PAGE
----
Which European countries don’t use the euro currency and why?
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If you’ve travelled to mainland Europe in the past two decades, depending on your destination, you may have used the euro currency. If you are a regular traveller, you may even keep some spare euro currency at home for your next trip. Or, if you’re like me and don’t carry cash around the UK, you may be more likely to have euros in your wallet than pound sterling.
A total of 19 of the 28 members of the European Union have adopted the euro as their official and sole currency, creating the ‘eurozone’ or ‘euro area’. These countries are:
- Austria, Belgium, Cyprus, Estonia, Finland, France, Germany, Greece, Ireland, Italy, Latvia, Lithuania, Luxembourg, Malta, the Netherlands, Portugal, Slovakia, Slovenia and Spain.
In addition to these members of the eurozone, the following non-EU members have also adopted the euro as their official currency:
- Andorra, Kosovo, Monaco, Montenegro, San Marino and Vatican City
So while that covers a large part of Europe, which countries in the region do not use the Euro and what will you have to use instead?
Denmark and the United Kingdom
Both these countries have signed the Maastricht Treaty, which provides special conditions where they do not have to adopt the euro currency despite being member states of the European Union (noting the United Kingdom is currently trying to negotiate to leave the EU).
Denmark uses Danish krone currency (1 DKK = ~0.13 EUR) while the United Kingdom uses pound sterling (1 GBP = ~1.1 EUR).
While not a signatory to the Maastricht Treaty, Sweden has retained its Swedish krona currency following a 2003 referendum in Sweden where the public voted not to adopt the euro. Currently, 1 SEK = ~0.09 EUR.
Bulgaria, Croatia and Romania
These three countries are working through the fulfillment of their various ‘nominal euro convergence criteria’ as specified by the European Union to join the eurozone. They intend to adopt the euro currency, though this will still be several years away. For Bulgaria, that’s currently estimated to be 2022, for Croatia, 2023 and for Romania, 2024.
Until then, these countries retain their existing currencies:
- Bulgarian lev (1 BGN = ~0.5 EUR)
- Croatian kuna (1 HRK = ~0.13 EUR)
- Romanian leu (1 ROM = ~0.2 EUR)
Czech Republic, Hungary, Poland
While each of these countries should adopt the euro currency as member states of the European Union once they have fulfilled certain economic obligations, all three say they have no immediate plans to do so. The populations of these three countries overwhelmingly do not wish to adopt the euro currency.
So for the time being, these countries retain their existing currencies:
- Czech koruna (1 CZK = ~0.4 EUR)
- Hungarian florint (1 HUF = ~0.003 EUR)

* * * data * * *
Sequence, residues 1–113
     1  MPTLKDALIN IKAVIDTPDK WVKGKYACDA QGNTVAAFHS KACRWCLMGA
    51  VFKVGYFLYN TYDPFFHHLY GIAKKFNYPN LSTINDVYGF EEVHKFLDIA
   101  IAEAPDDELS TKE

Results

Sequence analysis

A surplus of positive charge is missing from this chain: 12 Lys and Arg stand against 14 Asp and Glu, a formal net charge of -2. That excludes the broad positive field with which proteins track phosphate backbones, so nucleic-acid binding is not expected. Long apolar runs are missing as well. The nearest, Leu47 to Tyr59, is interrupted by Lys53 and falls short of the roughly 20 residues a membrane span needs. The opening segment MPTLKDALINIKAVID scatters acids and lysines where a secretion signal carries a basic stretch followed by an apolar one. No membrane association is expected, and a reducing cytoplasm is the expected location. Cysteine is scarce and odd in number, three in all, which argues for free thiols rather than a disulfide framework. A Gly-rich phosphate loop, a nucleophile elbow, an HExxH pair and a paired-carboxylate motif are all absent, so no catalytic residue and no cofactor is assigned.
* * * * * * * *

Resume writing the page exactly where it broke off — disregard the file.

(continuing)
- Polish zloty (1 PLN = ~0.23 EUR)
What about other countries geographically in Europe, but not members of the European Union? As non-members, they do not have the right to adopt it as their official currency. Here’s what they do instead.
- Albania — The official currency is the Albanian lek, though euros are widely accepted. 1 LEK = ~0.008 EUR.
- Belarus — The currency in Belarus is the Belarusian ruble. Some places accept euros or US dollars. 1 BYN = ~0.44 EUR.
- Bosnia and Herzegovina — This country uses its own Bosnian convertible mark currency, though euros are widely accepted. 1 BAM = ~0.5 EUR.
- Iceland — Independent Iceland maintains its own krona currency. Though you’ll receive plenty of krona for your euros or pounds, expect to see some very high price tags in this expensive destination. 1 ISK = ~0.007 EUR.
- Liechtenstein — As one of the smallest countries in the world, it does not have its own currency, instead using the Swiss franc (see below). Euros are not accepted.
- Moldova — Moldova uses its own leu currency though euros and US dollars are widely accepted. 1 MDL = ~0.05 EUR.
- North Macedonia — Here you will find the local dinar currency. You may be able to use euros but expect the exchange rate to be poor. 1 MKD = ~0.016 EUR.
- Norway — Norway uses the krone, and euros are not accepted. 1 NOK = ~0.1 EUR
- Russia — Russia uses its own rubles currency and it is technically illegal to use other currencies for payment. 1 EUR = ~0.014 RUB.
- Serbia — The dinar, and you will struggle to use euros here without changing them to dinars first. 1 EUR = ~0.008 RSD.
- Switzerland — Despite neighbouring countries like Germany, Italy, France and Austria using the euro, the only legal currency in Switzerland is the Swiss franc. 1 CHF = ~0.9 EUR.
- Ukraine — A bit of a mouthful to pronounce, Ukraine uses the hryvnia and euros are not accepted for payment. 1 UAH = ~0.037 EUR.
If you are travelling to these countries and don’t want to remember all these different currencies, consider a travel debit card with no foreign exchange fees. Here’s our guide to the best cards on the market right now.
Featured image by Gettys Images
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